How to Photographs a Spider's Web - Tips for Photographing Spider Webs
A spiderâs web has always attracted the attention of photographers. It is fascinating to observe and record the intricate designs and patterns that make up the web and how swiftly the spider moves when a prey touches the net. The spider is alerted of what is happening on the net via the vibrations that are caught by special receptors located in its feet. It is also an interesting fact that the fine silk that the spiders spin has a much greater tensile strength than that of steel of same weight. The spiders silk also has the advantage of being elastic in nature. Here are few tips that will help you get great photos of these magnificent creatures and the webs they make.
Best time to shoot
The best time to shoot a spiderâs web is early mornings when you have the advantage of the sunâs golden rays falling at an angle lighting up the web. And during early mornings there are chances that the web is covered in dew. The weight of the dew drops sags the web a little making an interesting effect. Another great thing about early mornings is that there wonât be much wind. Since the spider web is very light even the slightest hint of a breeze could make it sway making it hard to photograph.
Choosing the Right Equipment
A DSLR with a dedicated macro lens should be your preferred gear. If you donât have these then you could also make use of your point and shoot cameras. Make sure the macro mode of the camera is turned on.
Choosing the Right Background
A spiderâs web always looks great when shot with a dark background. Dark green shades produced by the foliage tend to work best. Remember if the web is located at an easily accessible location and height. You could always add a background since the web is a relatively small thing.
Depth of Field
A spiderâs web looks better when it stands out of the background. So shoot with a large aperture to produce a very shallow depth of field. Since you are using a shallow depth of field the background will be blurred out of focus producing a smooth uncluttered feel. Take care to align all elements in your frame (the spider, web) in a single plain that is in focus, else you will end up with not so great results. Use your cameraâs Depth of Field preview feature if it has one to determine exactly how much of the frame is in focus.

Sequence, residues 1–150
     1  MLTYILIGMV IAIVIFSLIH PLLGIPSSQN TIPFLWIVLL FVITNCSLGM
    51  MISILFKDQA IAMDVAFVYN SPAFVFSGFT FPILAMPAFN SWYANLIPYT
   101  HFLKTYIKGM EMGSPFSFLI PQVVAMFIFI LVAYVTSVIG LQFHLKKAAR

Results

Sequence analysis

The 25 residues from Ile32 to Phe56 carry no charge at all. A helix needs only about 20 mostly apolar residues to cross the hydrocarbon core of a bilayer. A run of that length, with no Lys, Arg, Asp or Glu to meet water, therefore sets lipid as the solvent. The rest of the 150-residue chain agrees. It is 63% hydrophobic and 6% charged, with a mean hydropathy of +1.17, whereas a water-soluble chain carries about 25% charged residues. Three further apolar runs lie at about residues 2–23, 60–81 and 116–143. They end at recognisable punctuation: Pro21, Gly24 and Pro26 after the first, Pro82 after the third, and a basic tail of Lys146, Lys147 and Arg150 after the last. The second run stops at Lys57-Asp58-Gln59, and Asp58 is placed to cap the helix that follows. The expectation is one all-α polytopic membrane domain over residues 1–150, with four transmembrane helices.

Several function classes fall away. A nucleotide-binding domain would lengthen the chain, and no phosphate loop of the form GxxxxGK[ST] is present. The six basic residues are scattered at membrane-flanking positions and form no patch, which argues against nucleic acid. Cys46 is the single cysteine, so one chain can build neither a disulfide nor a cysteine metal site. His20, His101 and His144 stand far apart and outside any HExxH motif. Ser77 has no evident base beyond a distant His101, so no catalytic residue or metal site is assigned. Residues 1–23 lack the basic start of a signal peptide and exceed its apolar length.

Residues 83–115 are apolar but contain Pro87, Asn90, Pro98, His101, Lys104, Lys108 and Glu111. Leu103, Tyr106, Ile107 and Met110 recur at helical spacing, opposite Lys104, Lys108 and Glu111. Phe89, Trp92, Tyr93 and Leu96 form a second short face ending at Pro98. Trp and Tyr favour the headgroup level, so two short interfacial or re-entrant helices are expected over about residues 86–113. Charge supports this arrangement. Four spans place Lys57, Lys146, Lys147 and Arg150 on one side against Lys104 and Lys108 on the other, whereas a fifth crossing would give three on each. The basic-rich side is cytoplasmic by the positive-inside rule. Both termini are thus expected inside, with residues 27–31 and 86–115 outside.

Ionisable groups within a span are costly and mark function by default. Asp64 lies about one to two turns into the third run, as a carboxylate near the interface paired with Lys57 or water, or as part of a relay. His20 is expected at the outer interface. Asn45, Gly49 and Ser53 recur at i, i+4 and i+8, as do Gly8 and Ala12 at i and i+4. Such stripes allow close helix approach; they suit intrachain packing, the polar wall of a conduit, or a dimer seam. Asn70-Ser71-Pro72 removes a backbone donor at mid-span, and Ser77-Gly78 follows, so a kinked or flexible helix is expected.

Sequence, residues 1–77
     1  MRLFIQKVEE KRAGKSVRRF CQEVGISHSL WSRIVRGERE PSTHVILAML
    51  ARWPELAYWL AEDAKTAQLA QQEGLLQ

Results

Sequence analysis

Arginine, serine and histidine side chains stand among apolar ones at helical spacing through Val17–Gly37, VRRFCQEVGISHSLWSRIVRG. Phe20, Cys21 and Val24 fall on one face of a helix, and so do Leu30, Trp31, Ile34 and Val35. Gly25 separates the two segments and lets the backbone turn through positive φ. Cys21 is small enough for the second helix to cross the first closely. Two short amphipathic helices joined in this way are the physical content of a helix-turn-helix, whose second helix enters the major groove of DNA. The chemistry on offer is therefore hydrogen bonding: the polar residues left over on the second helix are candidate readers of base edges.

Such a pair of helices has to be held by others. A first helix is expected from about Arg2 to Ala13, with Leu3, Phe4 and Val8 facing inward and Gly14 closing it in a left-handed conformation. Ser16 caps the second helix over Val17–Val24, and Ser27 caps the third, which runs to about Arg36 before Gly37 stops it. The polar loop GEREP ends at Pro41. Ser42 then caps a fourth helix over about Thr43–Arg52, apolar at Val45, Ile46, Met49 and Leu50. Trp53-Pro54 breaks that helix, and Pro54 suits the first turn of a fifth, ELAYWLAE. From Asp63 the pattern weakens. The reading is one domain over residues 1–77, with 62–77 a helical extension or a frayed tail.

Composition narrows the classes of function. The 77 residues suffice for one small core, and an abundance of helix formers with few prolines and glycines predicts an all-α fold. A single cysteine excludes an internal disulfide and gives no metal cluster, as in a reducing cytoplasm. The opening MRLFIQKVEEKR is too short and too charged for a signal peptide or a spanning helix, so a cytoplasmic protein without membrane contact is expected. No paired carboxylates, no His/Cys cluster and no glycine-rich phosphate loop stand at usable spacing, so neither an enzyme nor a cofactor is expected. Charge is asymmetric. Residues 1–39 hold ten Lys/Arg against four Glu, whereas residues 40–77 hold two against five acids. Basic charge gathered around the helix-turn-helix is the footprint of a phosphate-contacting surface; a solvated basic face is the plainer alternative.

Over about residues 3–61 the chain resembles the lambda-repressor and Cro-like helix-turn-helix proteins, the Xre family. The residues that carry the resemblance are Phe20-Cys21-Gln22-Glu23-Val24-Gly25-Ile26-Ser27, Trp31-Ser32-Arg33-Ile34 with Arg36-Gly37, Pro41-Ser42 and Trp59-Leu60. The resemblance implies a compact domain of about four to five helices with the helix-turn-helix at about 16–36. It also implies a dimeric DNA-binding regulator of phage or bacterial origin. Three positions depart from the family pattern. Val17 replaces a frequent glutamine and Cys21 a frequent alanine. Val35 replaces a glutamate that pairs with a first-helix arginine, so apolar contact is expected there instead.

Use Manual Focus Mode
Change your lens mode to manual focus mode and focus precisely. Since the web is a very fine thing even being slightly off focus could render your shot worthless.
Composition Tips to Photograph a Spider's Web
Fill Your Frame
Fill your frame with the most interesting part of the subject. it could be the spider resting / feeding or the center part of the web, or an insect struggling to break free from the web etc.
Follow the Rule of Thirds
Obey the Rule of Thirds and place your main focal point slightly off center to make an interesting composition.
Try composing from Both Sides of the Web
Each side of the spiderâs web is different and you also get different backgrounds and lighting when you shoot from each side. So experiment with different compositions from both sides of the web.
Whether to use a Tripod or not?
For photographing a spiderâs web a tripod is not a must. Since the subject is stationary if you have steady hands then not using a tripod could prove very convenient for composing and framing. If you are worried about blur due to camera shake you could change your camera to continuous shooting mode and shoot multiple frames. If you are using a tripod make sure you turn of the Image Stabilization feature in your lens.
Whether to use Flash or not?
Natural light is great but in my personal experience I find that using a flash especially an off camera flash could greatly enhance the quality of the shot. It helps to brighten up the subject a shade more than the lighting for the background, making it stand out. It also brings out the details and produces pleasing highlights. You can use the sunâs rays to backlight the web and use your flash as the main light or vice versa to produce stunning results; especially so if the spiderâs web is covered in dew.
Manipulating the Elements
If you are concerned about disturbing the natural balance and all ignore the following paragraph. Else try the techniques.
- Artificially create the dew on the web by using a mist sprayer.
- Feed the spider with some bugs or insects.
- Gently tap the surface that the web is attached on to make the spider change position.
Be very careful while experimenting with the aforesaid manipulation tips else you will end up ruining either the web or the shot or both
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